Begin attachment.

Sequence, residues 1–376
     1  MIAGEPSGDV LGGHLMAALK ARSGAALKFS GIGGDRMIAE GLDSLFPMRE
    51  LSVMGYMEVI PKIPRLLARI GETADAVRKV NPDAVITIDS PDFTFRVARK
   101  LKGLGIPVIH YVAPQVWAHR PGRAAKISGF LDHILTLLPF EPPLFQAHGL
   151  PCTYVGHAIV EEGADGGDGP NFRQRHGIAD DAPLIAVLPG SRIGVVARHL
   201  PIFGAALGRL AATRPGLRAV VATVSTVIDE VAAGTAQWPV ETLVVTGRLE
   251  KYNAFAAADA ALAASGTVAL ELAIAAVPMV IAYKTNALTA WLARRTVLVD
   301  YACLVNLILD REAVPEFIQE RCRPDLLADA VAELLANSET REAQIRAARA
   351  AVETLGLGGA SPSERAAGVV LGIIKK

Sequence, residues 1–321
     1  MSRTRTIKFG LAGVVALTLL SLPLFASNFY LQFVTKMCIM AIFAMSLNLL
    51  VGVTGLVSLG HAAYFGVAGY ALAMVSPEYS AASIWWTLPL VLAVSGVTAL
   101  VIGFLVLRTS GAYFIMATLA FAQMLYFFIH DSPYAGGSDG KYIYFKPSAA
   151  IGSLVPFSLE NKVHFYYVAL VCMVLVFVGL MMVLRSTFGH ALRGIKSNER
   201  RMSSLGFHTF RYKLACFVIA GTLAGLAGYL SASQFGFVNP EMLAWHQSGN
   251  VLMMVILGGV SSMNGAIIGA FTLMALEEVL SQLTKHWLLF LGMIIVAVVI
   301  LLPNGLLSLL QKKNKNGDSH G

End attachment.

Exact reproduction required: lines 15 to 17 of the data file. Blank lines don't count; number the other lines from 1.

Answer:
   201  RMSSLGFHTF RYKLACFVIA GTLAGLAGYL SASQFGFVNP EMLAWHQSGN
   251  VLMMVILGGV SSMNGAIIGA FTLMALEEVL SQLTKHWLLF LGMIIVAVVI
   301  LLPNGLLSLL QKKNKNGDSH G